The Department of Commerce recently announced that the U.S. will be withdrawing from the 2013 Suspension Agreement on Fresh Tomatoes from Mexico. Commerce Secretary Wilbur Ross indicated in a statement that the decision is a result of complaints from American tomato growers that their prices are being undercut by imports. The six-year-old agreement prevented an anti-dumping investigation in exchange for Mexican growers agreeing to certain restrictions.
Since Washington first agreed to suspend anti-dumping cases in 1996, a group of nearly 50 U.S. lawmakers calling for action on the issue, report that Mexican tomato companies increased their share of the American market from 32 to 54 percent. The group also contends that between 1996 and 2017 the market share for U.S. tomato producers declined from 65 to 40 percent.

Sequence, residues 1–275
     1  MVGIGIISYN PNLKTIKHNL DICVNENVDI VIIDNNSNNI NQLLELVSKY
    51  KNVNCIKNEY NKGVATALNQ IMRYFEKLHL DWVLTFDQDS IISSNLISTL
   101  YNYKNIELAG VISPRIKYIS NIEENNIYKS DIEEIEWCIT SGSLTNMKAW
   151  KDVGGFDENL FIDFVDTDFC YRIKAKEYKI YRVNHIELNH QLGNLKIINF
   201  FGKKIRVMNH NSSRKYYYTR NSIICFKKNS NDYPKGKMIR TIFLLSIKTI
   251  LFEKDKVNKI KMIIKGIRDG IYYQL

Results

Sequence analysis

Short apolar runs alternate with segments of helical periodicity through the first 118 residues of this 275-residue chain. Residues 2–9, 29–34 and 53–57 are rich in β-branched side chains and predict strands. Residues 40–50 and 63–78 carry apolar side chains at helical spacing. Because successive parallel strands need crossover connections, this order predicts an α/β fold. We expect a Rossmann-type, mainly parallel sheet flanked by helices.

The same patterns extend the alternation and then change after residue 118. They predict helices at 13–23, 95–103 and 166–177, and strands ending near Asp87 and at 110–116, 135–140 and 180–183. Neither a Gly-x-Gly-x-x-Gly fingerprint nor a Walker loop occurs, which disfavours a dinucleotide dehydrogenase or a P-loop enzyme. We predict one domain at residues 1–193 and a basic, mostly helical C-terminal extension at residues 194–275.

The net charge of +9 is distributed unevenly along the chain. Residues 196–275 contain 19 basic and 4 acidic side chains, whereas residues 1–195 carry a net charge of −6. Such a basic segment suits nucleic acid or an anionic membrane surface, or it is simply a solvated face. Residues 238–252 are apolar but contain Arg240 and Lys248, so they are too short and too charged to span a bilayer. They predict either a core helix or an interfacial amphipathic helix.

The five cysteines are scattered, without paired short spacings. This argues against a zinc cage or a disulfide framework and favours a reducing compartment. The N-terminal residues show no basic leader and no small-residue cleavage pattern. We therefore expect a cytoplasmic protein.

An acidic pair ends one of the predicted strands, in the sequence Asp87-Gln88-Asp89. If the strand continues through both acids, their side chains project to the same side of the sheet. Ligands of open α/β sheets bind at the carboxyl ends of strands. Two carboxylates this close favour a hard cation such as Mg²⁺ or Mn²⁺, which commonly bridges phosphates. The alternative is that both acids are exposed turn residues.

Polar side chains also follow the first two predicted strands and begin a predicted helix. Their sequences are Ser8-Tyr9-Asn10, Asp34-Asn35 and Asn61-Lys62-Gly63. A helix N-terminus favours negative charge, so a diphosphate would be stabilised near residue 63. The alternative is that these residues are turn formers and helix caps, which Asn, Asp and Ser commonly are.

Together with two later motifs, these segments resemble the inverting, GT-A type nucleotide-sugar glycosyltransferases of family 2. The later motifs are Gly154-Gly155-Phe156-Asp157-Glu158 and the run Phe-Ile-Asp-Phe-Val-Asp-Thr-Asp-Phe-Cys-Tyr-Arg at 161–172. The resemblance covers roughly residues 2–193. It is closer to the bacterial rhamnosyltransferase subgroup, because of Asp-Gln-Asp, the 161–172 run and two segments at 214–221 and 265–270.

Withdrawing from the agreement could result in new duties on tomatoes from Mexico and higher consumer prices. The action could also spur retaliation from Mexico, as the two countries continue their work to address steel and aluminum tariffs. The official withdrawal is set to become effective beginning May 7.